I am housesitting for a friend in a home that is a two mile walk to the beach in a town I lived in for many years, many many years ago. For one of those years I was young and at a crossroads that was a zen koan, the sound of one girl crying, until the winds swept me along like stardust into the arms of fate where I began the work of befriending my shadow.
I walk these streets now and journey into another dimension while I pick up the pieces I have left behind, like seashells or abalone fragments. The young woman mourning the end of my first marriage and the loss of twins to miscarriage at three months pregnant. My long gone dog that lived to chase sandpipers who I swear is still out there hoping. That year when I was lost and grieving and the sea was my mother, rocking me back to life.
I stop at the small bungalow I lived in to take a picture to send to my grown daughter in Australia. Here. This is where I lived and dreamed of one day being your mother. A young woman is just about to put her key in the door and graciously steps aside when I ask permission.
I don’t understand. How time moved so slowly when my child was young, the days of endless dirty dishes, laundry, what to cook for dinner, and then she was grown and gone and it happened so fast, faster than even the older parents told me it would happen.
Now my friends are dying. They email me and try to sound casual…hey, I’ve had a biopsy and the cancer has returned. Hey I tried to read the New York Times but the words scrambled and didn’t make sense. Hey the news is bad hey I have to go in for another test. Hey.
Wait. We were just young. Remember the summer we rented that huge house on the shore in Plymouth, 100 rickety wooden stairs down to the beach no railing who needed a railing. Remember the endless hours swanning from one beach blanket to another, sharing joints and warm ice tea, diving into the Atlantic daring the waves to break us because nothing could break us, staying up until the rooster crowed, all of us, maybe twenty at any given time, so in love with each other, the babies, the old people, so ecstatic to be in love with each other, we sang the morning into being, we tucked in the moon. There was no darkness that did not yield to our light and our joy.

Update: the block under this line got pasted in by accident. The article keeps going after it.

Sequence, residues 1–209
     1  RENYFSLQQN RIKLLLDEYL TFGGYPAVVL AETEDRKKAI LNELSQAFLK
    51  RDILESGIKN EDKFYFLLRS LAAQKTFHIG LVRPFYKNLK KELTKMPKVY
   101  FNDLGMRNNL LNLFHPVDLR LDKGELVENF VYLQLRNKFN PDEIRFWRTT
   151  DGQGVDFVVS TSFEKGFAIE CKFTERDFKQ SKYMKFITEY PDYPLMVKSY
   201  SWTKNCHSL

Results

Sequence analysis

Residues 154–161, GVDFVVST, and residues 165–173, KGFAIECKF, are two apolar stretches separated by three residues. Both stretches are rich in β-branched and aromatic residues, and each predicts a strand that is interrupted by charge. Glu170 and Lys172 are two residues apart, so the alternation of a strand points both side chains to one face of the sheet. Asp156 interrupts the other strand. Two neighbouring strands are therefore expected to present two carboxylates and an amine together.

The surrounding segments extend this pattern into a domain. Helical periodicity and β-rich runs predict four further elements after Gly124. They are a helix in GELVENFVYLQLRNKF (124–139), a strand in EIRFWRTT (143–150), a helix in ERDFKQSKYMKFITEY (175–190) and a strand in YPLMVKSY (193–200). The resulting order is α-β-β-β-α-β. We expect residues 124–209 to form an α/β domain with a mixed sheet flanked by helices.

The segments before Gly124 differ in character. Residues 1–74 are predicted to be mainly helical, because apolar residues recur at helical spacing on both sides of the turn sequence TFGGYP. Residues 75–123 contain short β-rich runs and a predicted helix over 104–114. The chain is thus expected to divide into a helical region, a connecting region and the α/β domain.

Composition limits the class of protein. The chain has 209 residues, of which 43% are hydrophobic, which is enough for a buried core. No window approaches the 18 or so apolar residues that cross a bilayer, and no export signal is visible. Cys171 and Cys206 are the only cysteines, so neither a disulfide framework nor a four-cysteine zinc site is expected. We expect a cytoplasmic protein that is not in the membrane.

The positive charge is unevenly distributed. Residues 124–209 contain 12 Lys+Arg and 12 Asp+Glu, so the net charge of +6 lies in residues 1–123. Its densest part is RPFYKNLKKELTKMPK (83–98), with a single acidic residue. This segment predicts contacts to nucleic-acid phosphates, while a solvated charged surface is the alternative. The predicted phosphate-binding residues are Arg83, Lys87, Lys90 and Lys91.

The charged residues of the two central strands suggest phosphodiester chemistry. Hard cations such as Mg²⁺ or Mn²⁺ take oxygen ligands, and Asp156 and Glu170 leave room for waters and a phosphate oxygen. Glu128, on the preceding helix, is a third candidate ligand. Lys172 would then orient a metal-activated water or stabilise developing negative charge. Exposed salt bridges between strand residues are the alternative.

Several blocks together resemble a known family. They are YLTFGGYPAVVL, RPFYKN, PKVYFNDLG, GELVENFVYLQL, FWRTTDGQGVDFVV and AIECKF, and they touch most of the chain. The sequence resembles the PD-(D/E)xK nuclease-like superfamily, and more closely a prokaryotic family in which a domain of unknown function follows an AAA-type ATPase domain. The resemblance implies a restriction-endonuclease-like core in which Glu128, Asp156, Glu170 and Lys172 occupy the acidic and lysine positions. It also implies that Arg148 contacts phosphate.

And now we write. We say my husband had a stent put in. My daughter’s farm was devastated by flood and the fires nearly engulfed her. We say I don’t understand how we got so old so fast. We say my wife is dying we say my eyesight is dimming we say hey. Hey I still love you across the miles and when I go for my next MRI I’ll text you. Let’s not Skype I look like shit, and we remember going topless, boobs standing at attention, begging to be licked, sucked, begging to be admired because we were young and invincible and we knew it. We fucking knew it.
We say hey come talk at my funeral and we laugh. We say you’re still beautiful but we laugh again because of the chasm between being beautiful and being still beautiful.
We laugh and say you’re full of shit as always.
We say hey, I love you. Thank you for writing this story with me. If you get to the other side before me, be like Houdini. Send down a white feather, a pebble, a seashell, or better yet, a scrap of paper that simply says hey.
We cling to the phone, press it to our ear, cherish what flows between old friends, all the unsaids that are said in the silence, the way we know it’s too late in life for regret, who the hell wants to spend even one day in regret when there’s still such deep connection, still the breathtaking abundance of the farmers market, a partner who still flirts, and of course the sliver of a hammered silver moon and the desert flowers that stop me to say if I can bloom, baby, you can too.
I retrieve all my missing parts so I can live whole. Wholly. Holy in the moment. So that all my clamoring fears and desires may grow still and know only the surrender to this illuminated presence, and like the fog horns that sound through the night, hear only love calling me home.